He looked at the stone figures all around them, breathed deep in the chill of silence of the crypt. (A Game of Thrones)

I think he should have put breathing deeply instead of breathed deep, for two reasons:

  • first, there is no adjective for the word breathe

  • second, breathe should be followed by adverb deeply not an adjective deep.

I want to know how this sentence works. How do you explain this condition?

  • 1
    Deep functions as an adverb, and adjective, and a noun. What English dictionary did you consult to learn about the word deep? Breathe deep is an example of a verb-adjective combination, which are not uncommon in English. An outfielder in baseball also plays deep. Water can run cold, but not "coldly". See the Oxford Advanced Learner's Dictionary entry for deep. Commented Jun 26, 2017 at 21:57
  • 1
    Possible duplicate of Is "deep" an adjective or adverb? Commented Jun 26, 2017 at 22:06
  • I check this word up and figured out that it functions as adverb, too. Commented Jun 26, 2017 at 22:18
  • What about breathed, why did not the writer use breathing instead of breathed? Commented Jun 26, 2017 at 22:19
  • 1
    @P.E.Dant I'm hoping for something, er, deeper than "A dictionary says that deep is an adverb" or "M-W Learners says breathe deep is OK." Not that you're suggesting that, but I don't see an explanation in any of those dictionaries. Many words serve more comfortably as adverbs in some contexts than others, and I think usually there are reasons why which are enlightening to know.
    – Ben Kovitz
    Commented Jun 26, 2017 at 22:56

2 Answers 2


To "breathe deep" is a common idiom, meaning to fully absorb the atmosphere or flavor of a place/event/situation, as well as just to take a deep breath (for instance to calm yourself). Your example is using it in the sense of absorb and connect with the atmosphere. Collins Cobuild has some examples, e.g.

Stand still, breathe deep and you can hear it in your deep heart's core.

I stand on my balcony and breathe deep.

The first here is about breathing deep in the sense of absorbing and connecting with the place or situation and feeling it in your heart - it's more than just a literal deep breath.

For the English learner, there are three issues with Martin's sentence: punctuation; "breathed" vs "breathing"; and "deep" vs "deeply".

"Breathed" here is a simple past tense; it would be more standard to have "and" than a comma before it ("He looked at the stone figures all around them and breathed deep...") but this is literature so you can punctuate how you choose. Here the use of a comma indicates things happening more closely together or at the same time, while "and" might imply things happening one after another.

One difference between "breathed" and "breathing" is that "breathing" implies continuing action, while "breathed" could refer to taking a single breath; "breathing deep" might imply panting.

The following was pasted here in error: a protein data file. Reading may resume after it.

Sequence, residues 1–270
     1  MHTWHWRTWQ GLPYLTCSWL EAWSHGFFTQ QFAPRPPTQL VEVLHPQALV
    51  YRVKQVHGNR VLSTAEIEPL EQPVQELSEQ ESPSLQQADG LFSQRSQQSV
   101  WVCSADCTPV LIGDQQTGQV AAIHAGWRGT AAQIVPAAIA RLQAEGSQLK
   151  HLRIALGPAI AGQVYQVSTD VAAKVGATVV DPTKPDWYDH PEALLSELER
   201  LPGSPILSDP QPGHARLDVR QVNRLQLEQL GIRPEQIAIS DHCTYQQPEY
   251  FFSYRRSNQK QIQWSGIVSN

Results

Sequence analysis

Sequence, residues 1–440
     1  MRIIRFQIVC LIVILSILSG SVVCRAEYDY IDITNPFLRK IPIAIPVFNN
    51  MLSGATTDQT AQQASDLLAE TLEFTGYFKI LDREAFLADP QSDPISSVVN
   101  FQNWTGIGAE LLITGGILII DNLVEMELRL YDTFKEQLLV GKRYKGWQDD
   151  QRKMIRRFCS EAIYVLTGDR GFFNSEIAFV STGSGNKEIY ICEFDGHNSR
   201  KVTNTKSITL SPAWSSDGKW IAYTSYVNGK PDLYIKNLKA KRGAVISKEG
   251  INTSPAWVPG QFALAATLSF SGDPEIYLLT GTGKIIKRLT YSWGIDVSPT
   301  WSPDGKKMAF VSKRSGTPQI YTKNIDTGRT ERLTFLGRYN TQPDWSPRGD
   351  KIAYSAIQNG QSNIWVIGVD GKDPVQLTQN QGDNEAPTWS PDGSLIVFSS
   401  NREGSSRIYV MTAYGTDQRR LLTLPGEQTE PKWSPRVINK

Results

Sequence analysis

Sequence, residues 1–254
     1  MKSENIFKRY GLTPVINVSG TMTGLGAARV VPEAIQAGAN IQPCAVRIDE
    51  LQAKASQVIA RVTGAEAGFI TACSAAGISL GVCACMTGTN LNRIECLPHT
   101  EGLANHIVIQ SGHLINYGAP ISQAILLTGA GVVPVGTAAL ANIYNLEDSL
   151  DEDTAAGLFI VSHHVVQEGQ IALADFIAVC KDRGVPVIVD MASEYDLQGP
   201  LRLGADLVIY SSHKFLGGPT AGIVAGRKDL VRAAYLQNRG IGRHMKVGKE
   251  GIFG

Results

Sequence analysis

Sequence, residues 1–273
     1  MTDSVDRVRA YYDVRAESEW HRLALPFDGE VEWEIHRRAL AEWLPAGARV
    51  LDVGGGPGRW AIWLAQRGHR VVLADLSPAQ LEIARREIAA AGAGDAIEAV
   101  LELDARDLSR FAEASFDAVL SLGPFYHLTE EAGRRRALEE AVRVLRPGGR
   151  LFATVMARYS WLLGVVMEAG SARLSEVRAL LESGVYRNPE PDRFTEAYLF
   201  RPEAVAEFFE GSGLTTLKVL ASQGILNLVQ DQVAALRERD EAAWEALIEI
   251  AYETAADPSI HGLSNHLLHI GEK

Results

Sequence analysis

As to "deep" vs "deeply", both are valid adverbs. English has many pairs like this where something can be an adverb with or without "ly", e.g. quick/quickly. In the idiom "breathe deep", "deep" is common. In other contexts, "deeply" might be more common, e.g. "I love you deeply." But "breathed deeply" would not be wrong - just longer.

In summary it's a combination of a common idiom meaning "to absorb the atmosphere of a place", with simple past tense for completed action, and a comma for speed.


Grammatically, you're correct, but the author here is using breathed deep in a poetic way. Some surrounding text is as follows:

For a moment Eddard Stark was filled with a terrible sense of foreboding. This was his place, here in the north. He looked at the stone figures all around them, breathed deep in the chill silence of the crypt. He could feel the eyes of the dead. They were all listening, he knew. And winter was coming.

This paragraph is describing the crypt, and the phrase "breathed deep" is describing the stone figures, not Eddard Stark's actions. This particular usage is very unusual even for a native speaker, and is done this way intentionally so, to add to the mental imagery that the author is attempting to convey. It helps to understand if you swap "breathed" for "buried", though it loses some of the unusual nuance.

As for using "deep" versus "deeply", that too is a creative choice. "Deeply" is what the reader (and typical grammar) would expect if "deeply" were in reference to Eddard Stark's actions, but by breaking out of expectations with use of "breathed" to account for their presence in the crypt, and following it with "deep", it serves to adjust the purpose of deep/deeply from their depth in the crypt, to how they were breathed into it.

  • It's poetic, yes, but grammatically the OP is not correct. Deep is an adverb. This has been covered in depth: see this question. Commented Jun 26, 2017 at 22:05
  • Are you saying that the stone figures breathed? Or that "breathed" is a passive participle: the stone figures got breathed by something or someone else?
    – Ben Kovitz
    Commented Jun 26, 2017 at 23:11
  • @BenKovitz The latter case. Something or someone "breathed" them into the crypt. It contributes to the cold, ancient imagery in a novel way. Commented Jun 28, 2017 at 15:16

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